ZIFFPAGE TITLEGoodlettsville to Go

By Kim S. Nash  |  Posted 2004-07-01 Email Print this article Print

Dollar General opens two new stores every day. The secret isn't Miracle-Gro. Instead, there's a well-honed choreography of human muscle and precision logistics that sets up each new outlet in little more than a week. We take you inside what Dollar General

Day 4 - Goodlettsville to Go

  • Satellite dish installed

  • Point-of-sale software tested

  • Pricing files downloaded

    As Jersey Shore workers unpack and stock $8 girls' dresses and Good Tuff freezer bags ($2 for a box of 45), a Spacenet installer arrives to set up the satellite link.

    Pulling a ladder off his truck, the installer zips up to the roof of the store and mounts a 2.5-foot antenna and a dish that looks like one used at home for satellite television. The indoor equipment is a satellite modem the size of a large dictionary and cables to connect to each IBM register.

    "We connect, make sure our hub in Washington, D.C., sees this dish, it lights up," says Randy Anders, the senior account manager at Spacenet who closed the 10-year, $40-million deal with Dollar General in 2001. The IBM registers are connected to the network, and the store's coordinates are added to Spacenet's pre-established connection with Goodlettsville. The work takes three to four hours.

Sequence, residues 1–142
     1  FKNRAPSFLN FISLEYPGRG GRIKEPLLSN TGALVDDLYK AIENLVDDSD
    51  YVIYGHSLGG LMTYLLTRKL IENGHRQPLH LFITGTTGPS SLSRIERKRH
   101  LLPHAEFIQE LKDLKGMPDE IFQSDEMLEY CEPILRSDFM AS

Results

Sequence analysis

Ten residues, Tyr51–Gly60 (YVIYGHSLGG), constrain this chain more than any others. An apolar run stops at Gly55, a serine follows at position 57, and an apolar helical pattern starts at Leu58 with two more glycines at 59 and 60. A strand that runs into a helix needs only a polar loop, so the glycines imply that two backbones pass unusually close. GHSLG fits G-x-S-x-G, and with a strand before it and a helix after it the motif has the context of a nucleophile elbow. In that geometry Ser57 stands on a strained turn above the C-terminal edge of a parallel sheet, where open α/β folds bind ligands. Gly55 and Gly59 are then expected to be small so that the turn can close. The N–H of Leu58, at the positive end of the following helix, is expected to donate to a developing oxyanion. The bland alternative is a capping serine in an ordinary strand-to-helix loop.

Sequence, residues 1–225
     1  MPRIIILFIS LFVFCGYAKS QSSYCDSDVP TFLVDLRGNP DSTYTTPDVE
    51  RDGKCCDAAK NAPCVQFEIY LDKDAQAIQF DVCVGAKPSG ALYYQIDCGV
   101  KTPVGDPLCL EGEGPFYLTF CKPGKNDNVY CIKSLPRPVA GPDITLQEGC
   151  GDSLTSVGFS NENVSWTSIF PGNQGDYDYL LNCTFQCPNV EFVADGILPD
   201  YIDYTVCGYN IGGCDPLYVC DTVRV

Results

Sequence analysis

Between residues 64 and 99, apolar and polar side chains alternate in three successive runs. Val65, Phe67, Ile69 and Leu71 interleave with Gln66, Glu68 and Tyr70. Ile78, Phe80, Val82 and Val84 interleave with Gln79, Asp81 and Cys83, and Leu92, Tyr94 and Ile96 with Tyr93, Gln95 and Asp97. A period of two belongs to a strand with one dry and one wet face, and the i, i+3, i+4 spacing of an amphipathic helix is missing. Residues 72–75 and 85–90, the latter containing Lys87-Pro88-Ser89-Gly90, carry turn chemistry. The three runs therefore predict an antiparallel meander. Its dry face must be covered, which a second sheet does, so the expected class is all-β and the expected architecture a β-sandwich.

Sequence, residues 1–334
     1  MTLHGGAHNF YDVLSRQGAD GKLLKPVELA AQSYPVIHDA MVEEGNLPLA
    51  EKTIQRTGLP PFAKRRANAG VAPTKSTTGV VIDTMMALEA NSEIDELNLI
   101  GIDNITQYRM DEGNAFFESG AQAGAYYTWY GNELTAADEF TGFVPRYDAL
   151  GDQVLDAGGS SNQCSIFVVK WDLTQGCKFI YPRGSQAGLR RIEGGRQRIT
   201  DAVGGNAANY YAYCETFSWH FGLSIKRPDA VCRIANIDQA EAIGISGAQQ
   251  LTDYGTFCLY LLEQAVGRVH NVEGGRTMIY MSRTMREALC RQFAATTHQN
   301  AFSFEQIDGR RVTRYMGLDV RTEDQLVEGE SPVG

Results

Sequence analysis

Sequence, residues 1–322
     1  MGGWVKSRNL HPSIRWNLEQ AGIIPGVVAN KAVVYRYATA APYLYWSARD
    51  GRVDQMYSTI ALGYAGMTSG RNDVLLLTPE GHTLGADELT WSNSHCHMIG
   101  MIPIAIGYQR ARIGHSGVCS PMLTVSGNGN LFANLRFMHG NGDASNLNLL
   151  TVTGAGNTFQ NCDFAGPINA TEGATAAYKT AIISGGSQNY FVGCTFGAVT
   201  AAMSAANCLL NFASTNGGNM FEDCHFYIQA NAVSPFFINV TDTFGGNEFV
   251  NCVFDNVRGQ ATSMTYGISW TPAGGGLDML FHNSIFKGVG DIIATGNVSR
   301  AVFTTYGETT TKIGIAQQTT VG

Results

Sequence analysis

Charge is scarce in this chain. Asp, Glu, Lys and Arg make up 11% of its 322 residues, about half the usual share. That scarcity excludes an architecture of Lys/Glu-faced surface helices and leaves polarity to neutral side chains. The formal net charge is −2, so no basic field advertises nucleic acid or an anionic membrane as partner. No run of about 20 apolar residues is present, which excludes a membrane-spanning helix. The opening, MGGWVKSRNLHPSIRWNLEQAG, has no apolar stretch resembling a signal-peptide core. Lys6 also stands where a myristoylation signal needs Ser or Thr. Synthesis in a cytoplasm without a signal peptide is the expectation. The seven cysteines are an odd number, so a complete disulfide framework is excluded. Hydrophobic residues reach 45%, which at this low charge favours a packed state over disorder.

When the contract was signed, Dollar General had 5,000 stores. But it did the deal for 7,500 stores. "They knew their growth," Anders says.

    Once the satellite network is humming, headquarters can start to send pricing files and product codes to the registers. Spacenet tests each piece of the Triversity point-of-sale applications, such as nightly polling and authorization of payments by bank and welfare debit cards. Also flung over the satellite are weekly payroll hours, uploaded from the registers.

    In Whitesboro, Spacenet doesn't come until Day 5 because of other commitments. Dollar General allows the vendor a two-day window after the IBM delivery.

    Dollar General chose satellite communications after balky dial-up connections and spotty broadband coverage in small towns prevented 5% to 8% of its stores from connecting to headquarters each night for mandatory sales reporting, Anders says.

    The discounter also wants to avoid mixing communications technology, says Bruce Ash, vice president of information and administrative services. "If you have three or four different networks, it takes people with all those skills to manage them," Ash says. "It's been a philosophy here: Do things as simply as possible."

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    Senior Writer
    Kim has covered the business of technology for 14 years, doing investigative work and writing about legal issues in the industry, including Microsoft Corp.'s antitrust trial. She has won numerous awards and has a B.S. degree in journalism from Boston University.

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